Myths and Misconceptions

People with intellectual or other developmental disabilities are all alike and all require the same supports.  

  • Over the years, people with intellectual and other developmental disabilities have been placed in group settings partly because people have decided that it is cheaper and easier, and partly because people do not understand their various disabilities. The individuals in a given group often have nothing in common other than the fact that they all have at least one developmental disability.
  • Disability is just one aspect of a person. It does not define them. Getting to know someone’s personality, likes, dislikes, needs and desires along with understanding their disability is the best way to determine what supports may be needed. Having an intellectual or developmental disability might mean needing supports to reach an outcome that a person without a disability might reach by himself.
  • The presence of an intellectual or developmental disability does not change the fact that someone has his own, self-determined goals. Each person with a developmental disability might need some supports, just as we all do in different areas of our lives. However, the same amount and types of supports needed for one person may not be needed for another.

Some Causes of Intellectual Disability

Some individuals have an intellectual disability that occurs from:

  • Genetics -something you are born with that is passed down by parents (e.g., Down syndrome, Fragile X).
  • Other physical causes (e.g., fetal alcohol syndrome, car accidents, shaken baby syndrome).
  • Social or environmental factors (e.g., lack of stimulation, trauma/abuse during the developmental years, lack of family and educational supports to promote mental development and adaptive skills).
  • Approximately 40% to 50% of individuals with an ID have no known cause of their disability.

People with intellectual or other developmental disabilities are ill or sick.  

  • An intellectual or developmental disability is not an illness, and people living with intellectual or developmental disabilities are not “patients” (unless they happen to be temporarily hospitalized). You cannot catch a disability.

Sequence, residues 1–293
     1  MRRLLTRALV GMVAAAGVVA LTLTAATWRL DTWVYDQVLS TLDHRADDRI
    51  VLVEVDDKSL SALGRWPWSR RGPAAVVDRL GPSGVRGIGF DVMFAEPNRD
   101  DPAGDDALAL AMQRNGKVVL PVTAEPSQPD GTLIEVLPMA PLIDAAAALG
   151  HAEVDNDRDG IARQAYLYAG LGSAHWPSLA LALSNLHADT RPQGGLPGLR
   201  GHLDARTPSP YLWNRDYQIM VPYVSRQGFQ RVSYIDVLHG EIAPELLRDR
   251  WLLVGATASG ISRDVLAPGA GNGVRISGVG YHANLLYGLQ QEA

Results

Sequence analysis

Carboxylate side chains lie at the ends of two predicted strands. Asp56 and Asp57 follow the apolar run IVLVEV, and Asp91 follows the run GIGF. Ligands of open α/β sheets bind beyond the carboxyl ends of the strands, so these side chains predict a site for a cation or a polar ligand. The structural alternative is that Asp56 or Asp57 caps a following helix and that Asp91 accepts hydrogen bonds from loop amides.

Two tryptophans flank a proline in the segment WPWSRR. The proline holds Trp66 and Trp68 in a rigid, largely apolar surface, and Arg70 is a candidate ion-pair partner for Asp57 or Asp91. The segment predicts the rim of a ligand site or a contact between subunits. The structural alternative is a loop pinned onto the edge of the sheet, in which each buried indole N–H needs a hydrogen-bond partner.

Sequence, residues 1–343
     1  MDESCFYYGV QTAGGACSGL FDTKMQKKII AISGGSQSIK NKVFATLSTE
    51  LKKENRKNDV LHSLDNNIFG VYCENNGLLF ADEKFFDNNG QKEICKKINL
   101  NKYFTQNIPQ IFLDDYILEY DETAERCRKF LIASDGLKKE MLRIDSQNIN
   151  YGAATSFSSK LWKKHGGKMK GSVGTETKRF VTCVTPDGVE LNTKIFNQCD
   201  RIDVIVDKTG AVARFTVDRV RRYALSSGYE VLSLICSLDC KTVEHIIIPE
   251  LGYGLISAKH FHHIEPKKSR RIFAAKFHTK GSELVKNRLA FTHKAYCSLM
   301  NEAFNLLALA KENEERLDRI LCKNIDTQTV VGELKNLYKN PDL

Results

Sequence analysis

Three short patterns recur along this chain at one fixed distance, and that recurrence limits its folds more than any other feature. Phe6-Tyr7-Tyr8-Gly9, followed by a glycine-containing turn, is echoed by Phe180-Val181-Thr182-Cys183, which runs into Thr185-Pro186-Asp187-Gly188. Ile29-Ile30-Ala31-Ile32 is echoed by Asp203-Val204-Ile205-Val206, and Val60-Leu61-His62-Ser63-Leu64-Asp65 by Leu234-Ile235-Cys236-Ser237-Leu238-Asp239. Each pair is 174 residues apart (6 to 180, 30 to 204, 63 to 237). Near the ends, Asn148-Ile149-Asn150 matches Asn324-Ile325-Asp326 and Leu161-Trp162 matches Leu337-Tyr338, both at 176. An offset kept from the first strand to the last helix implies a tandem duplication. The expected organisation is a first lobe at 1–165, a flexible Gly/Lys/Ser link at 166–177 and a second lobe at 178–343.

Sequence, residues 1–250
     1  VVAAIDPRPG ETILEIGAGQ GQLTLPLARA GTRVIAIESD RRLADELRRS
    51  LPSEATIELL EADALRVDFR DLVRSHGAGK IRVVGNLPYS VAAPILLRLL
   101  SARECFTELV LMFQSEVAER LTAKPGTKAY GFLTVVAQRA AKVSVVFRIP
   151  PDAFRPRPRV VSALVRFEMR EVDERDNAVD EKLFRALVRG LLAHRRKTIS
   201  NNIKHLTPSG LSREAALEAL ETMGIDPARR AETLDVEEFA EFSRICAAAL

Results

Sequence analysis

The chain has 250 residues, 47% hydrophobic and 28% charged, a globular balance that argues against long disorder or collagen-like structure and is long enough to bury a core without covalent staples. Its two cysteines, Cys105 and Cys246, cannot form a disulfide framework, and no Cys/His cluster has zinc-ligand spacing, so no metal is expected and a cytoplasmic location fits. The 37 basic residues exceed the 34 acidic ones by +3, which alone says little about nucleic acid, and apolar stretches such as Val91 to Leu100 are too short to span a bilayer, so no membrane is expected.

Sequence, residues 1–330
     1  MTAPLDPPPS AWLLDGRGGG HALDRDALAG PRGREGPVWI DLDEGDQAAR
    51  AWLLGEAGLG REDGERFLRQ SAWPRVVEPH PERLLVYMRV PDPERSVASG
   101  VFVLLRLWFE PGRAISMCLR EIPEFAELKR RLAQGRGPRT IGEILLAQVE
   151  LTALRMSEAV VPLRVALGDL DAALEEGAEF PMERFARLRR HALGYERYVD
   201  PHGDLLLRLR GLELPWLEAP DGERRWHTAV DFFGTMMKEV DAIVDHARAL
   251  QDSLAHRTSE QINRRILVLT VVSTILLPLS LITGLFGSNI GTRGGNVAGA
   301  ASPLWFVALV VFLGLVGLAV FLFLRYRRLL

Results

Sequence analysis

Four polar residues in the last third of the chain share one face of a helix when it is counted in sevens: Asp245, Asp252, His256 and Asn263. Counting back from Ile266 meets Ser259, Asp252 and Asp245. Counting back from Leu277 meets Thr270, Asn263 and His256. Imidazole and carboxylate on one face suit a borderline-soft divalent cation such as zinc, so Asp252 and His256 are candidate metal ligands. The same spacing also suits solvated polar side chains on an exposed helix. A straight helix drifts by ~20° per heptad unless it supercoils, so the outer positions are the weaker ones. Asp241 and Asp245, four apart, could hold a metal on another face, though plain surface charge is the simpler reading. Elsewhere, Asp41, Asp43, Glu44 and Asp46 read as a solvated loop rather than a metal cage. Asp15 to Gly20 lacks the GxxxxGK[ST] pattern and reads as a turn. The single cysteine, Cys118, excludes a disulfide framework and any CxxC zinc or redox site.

• While intellectual and developmental disabilities cannot be cured, individualized and age-appropriate supports are likely to enable people to reach their personal outcomes and increase their level of independence.
  • Just like anyone else, a person with an intellectual or developmental disability may or may not have co-occurring conditions such as medical conditions, physical disabilities, or a mental illness.

Young man in wheelchair image

People with intellectual/developmental disabilities need specialized services to meet all of their needs.  

  • Each of us, including those of us with intellectual or developmental disabilities, has very different strengths and support needs.
  • We all continually grow and change in terms of the supports we need to be successful. One person may not need support or assistance with a certain task, while another may require support to successfully complete the same task. Similarly, someone who needs support today to complete a certain task may or may not need the same support tomorrow to be successful in accomplishing the same task.
  • People with an intellectual or developmental disability can shop at the same store as people without a disability. They may or may not need support and assistance to do their shopping and money management.
  • A person with an intellectual or developmental disability who has a medical condition can be treated by the same doctor as a person without a disability who has the same medical condition. Persons with an intellectual or developmental disability may or may not need help telling the doctor how they feel, understanding the diagnosis or taking prescribed medication.
  • Just as for all of us, the supports provided must be individualized.